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Amy Winehouse: A Diva with Demons

24 Aug

Amy Winehouse in High School

Amy Winehouse in high school

The world’s reaction to Amy Winehouse’s death seems like everyone did and didn’t know she was going to die.  When she was finally found in her Camden house on 23rd July, the media was shocked and validated at the same time. People who are now using her death as a platform for their outrage against the irresponsible practices of record firms, the glorification of drug and alcohol abuse by celebrities, the regressiveness of drug laws, etc- are the very same who mutely witnessed Amy Winehouse’s most pathetic avatars of battered, bloodied, glassy-eyed self destruction.

 Few who saw the living figure of Winehouse on one of her binges ever described her as fragile, heartbroken, a creative inspiration, a delicate flower – or other such gentle epithets that are now being showered on her memory like flowers on her grave. In short, most people have granted Amy Winehouse in death the empathy that she might have got in life. I credit this to the fact that, sadly, there might be some dignity in death, but there is absolutely none in wandering the streets of London barefoot, sobbing, in jeans and a red bra.

Distressed Amy Winehouse

A Distressed Amy Winehouse Outside her London Home

Addicts are truly pitiable creatures. Whether they are Grammy-winning superstars or homeless junkies, they are commonly the object of public humiliation. While the world waxes poetic about Amy Winehouse’s tragic life and death, there are so many who are doing exactly what she did, who are not being pitied or venerated, who are, in fact, being scorned, derided and descriminated against. Most people are unaware of the fact that, setting aside genetic predisposition and other extraneous factors such as environment and availability, addiction is a disease just like any other disease. Just as a healthy person who looks at someone diagnosed with cancer and tells himself, “that could never happen to me,” is secure in his own superior physical makeup and perceived immortality; the same way a person who looks at an addict and says “that could never happen to me,” is filled with a sense of security and even hubris over his own balanced mental state, superior life choices and lack of chemical dependancy.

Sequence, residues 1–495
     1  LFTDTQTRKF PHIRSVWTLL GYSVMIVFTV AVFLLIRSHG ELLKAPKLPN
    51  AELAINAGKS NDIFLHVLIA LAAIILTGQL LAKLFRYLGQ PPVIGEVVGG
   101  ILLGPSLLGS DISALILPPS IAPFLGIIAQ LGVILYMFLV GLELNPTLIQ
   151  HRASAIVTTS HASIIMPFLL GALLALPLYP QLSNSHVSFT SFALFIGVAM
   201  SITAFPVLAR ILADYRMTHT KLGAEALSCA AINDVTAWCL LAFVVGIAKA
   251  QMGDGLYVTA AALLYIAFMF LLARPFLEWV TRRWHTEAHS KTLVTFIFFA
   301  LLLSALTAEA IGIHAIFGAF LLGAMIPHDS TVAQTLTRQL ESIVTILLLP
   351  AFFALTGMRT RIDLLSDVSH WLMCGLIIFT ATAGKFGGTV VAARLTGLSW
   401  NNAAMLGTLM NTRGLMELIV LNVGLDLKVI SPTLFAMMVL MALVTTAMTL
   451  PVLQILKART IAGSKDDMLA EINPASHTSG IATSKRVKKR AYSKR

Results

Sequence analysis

It is this very false sense, coupled with the sometimes sheer repulsiveness of the addict’s outward aspect, that creates an Otherness which permits non-addicts to treat an addict with hostility and disparagement. In turn, this discrimination plays a significant role in further enlarging the addicts’ already overblown capacity for self-hatred and inability to take in support and love. So once again, they turn to alcohol and opiods like heroin which replicate the chemistry of a relational connection, and/or stimulants like cocaine and metamphetamines, that produce a sense of worthiness. In this way, we help perpertuate the cycle of “woe is me” to “wow is me” to “woe is me” again, in which they are already deeply embedded.

In August, Amy Winehouse’s family released a statement saying that toxicology reports showed that there were no illegal drugs in her system at the time of death.  The reports do indicate that there was alcohol present in her system, but it is unclear whether that contributed to her death. So until the results of an inquest, which is due in October, are published, it is anybody’s guess about what got her in the end. This uncertainty truly underscores the point which Maia Szalavitz makes in her blogpost “The Pain Of Addiction”, which was published a day after Winehouse’s death:

“One thing, however, is certain. Blaming drugs or  Winehouse’s “enablers” for her death misses the point: what she needed was compassion, most of all from herself.”

I agree. What should be taken away from all this is not that Amy Winehouse was an addict whose addiction killed her, but that she was a person who had been apportioned far more than her fair share of unhappiness and heartache, even if it was mostly self-inflicted.  As for all the fame, money and accolades, just like in Humpty Dumpty,they just summed up to all the king’s horses and all the king’s men-  not enough to put her shattered psyche back together again.

There are millions like Amy Winehouse, struggling to feel comfortable in their own skin; yearning for, and at the same time rejecting love and social acceptance. One doesn’t need to have an indepth knowledge of addiction, or a degree in psychology to empathise with these people. In my view, compassion and empathy are inextricably linked with a knowledge of our own fallibility and fragility. Maybe we can never completely envision ourselves in Amy Winehouse’s place, but surely we can realise that her situation, and the situation of others like her are not such a far cry from us as we would like to believe.

(Update: On 26th October 2011, coroner Suzanne Greenway gave a verdict of “death by misadventure”, stating that Amy Winehouse’s death was caused by fatal levels of alcohol in her system.)

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